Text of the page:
Estonian islands get 4 new ferries

Construction of the four brand new ferries commissioned by the state-owned company Port of Tallinn to operate subsidized routes to Estonia’s large western islands is on track and the Turkish and Polish shipbuilders are to deliver the vessels in August next year.

“Construction of the new ferries is on track at the shipyards in Turkey and Poland alike, metalwork is being done, simultaneously work is being done to lay down plans for the vessels’ external design, interior design and ticket selling system,” Sirle Arro, head of the marketing and communication department at Port of Tallinn, told BNS.

“In some stages of construction, such as cutting of metal and ordering of material, they are even ahead of schedule. Our collaboration with the ships’ designer and the shipbuilders is altogether constructive,” Arro added.

Arro also said the port company expects all crew members of the ships currently sailing between the mainland and the western islands to apply for jobs on the new vessels.

On Oct. 31 last year Port of Tallinn signed contracts on the construction of four new passenger ferries for the routes between mainland Estonia and large western islands with Polish Remontowa Shipbuilding and Turkish Sefine Shipyard to build two ferries each.

The ferries are being built in shipyards located in Gdansk, Poland and Altinova/Yalova, Turkey. The 114 meters long vessels will accommodate 150 passenger cars or 12 road trains and have passenger places equipped with safety devices for 700 passengers. The new ferries are designed by the Norwegian company LMG Marin.

Source: BNS

Narva border checkpoint gets 7.5 mEUR makeover

The Narva-1 terminal cost 7.5 million euros to build and is three times the size of the old checkpoint.

The new terminal has eight lanes for pedestrians, 12 lanes for cars and two separate lanes for buses.

The refurbishment will speed up border crossing procedures for regular travelers and contribute to the development of tourism and entrepreneurship in Ida-Viru county.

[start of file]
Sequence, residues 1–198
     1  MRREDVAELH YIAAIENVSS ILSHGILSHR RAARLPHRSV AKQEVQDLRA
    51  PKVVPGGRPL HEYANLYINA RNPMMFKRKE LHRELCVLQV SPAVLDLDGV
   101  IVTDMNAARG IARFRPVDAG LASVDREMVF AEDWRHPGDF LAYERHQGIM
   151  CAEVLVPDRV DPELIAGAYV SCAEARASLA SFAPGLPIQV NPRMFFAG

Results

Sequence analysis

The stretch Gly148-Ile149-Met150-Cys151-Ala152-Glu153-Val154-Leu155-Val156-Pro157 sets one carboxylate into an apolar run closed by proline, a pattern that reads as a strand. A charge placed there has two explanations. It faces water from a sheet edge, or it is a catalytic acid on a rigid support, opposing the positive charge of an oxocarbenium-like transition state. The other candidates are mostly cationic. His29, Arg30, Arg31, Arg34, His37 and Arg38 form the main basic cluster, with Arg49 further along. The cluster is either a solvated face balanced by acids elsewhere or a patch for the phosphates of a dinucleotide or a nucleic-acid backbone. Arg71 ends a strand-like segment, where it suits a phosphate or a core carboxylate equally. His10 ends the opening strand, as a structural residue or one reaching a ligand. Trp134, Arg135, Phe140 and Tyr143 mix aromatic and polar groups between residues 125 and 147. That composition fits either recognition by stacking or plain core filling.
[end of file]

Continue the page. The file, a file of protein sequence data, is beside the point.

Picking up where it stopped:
“Narva checkpoint is one of the most important inland connection routes between the EU and Russia,” Estonian Minister of Internal Affairs Hanno Pevkur said. “The new checkpoint is no doubt a prerequisite for regional growth,” he continued, adding that the redevelopment is also of national importance.

The total cost of the terminal facilities – 7.5 million euros – was paid for by the European Neighborhood and Partnership Instrument (ENPI) and the Republic of Estonia.

Over 3.6 million people use the checkpoint every year to move between Estonia and Russia.

Source: ERR via Estonian Review

EU gives 30 mEUR to develop infrastructure of Helsinki-Tallinn maritime link

The ports of Helsinki and Tallinn together with the listed Estonian shipper AS Tallink Grupp have obtained 29.3 million euros in EU funding within the 2014 CEF Transport Multi-Annual Calls for proposals to finance their infrastructure investments.

The total cost of the planned investments is 97.6 million euros, the state owned company Port of Tallinn said on Monday.

The CEF (Connecting Europe Facility) program is a continuation to TEN-T, under which the initial TWIN-PORT project was started. The follow-up project is called TWIN-PORT II. The development of the Helsinki-Tallinn maritime link as part of the TEN-T North Sea-Baltic core corridor is of vital importance as it connects the northern parts of Europe with southern TEN-T corridors.

“This ongoing effective cooperation with Port of Helsinki and Tallink helps us to develop the link as a whole. It also supports the Twin City idea and the Rail Baltic project,” Ain Kaljurand, CEO of Port of Tallinn, said.

Kimmo Maki, CEO of Port of Helsinki, said the support for investment in the West Terminal building will have a significant impact on the comfort of passengers and smoothness of traffic on the whole Helsinki-Tallinn maritime link.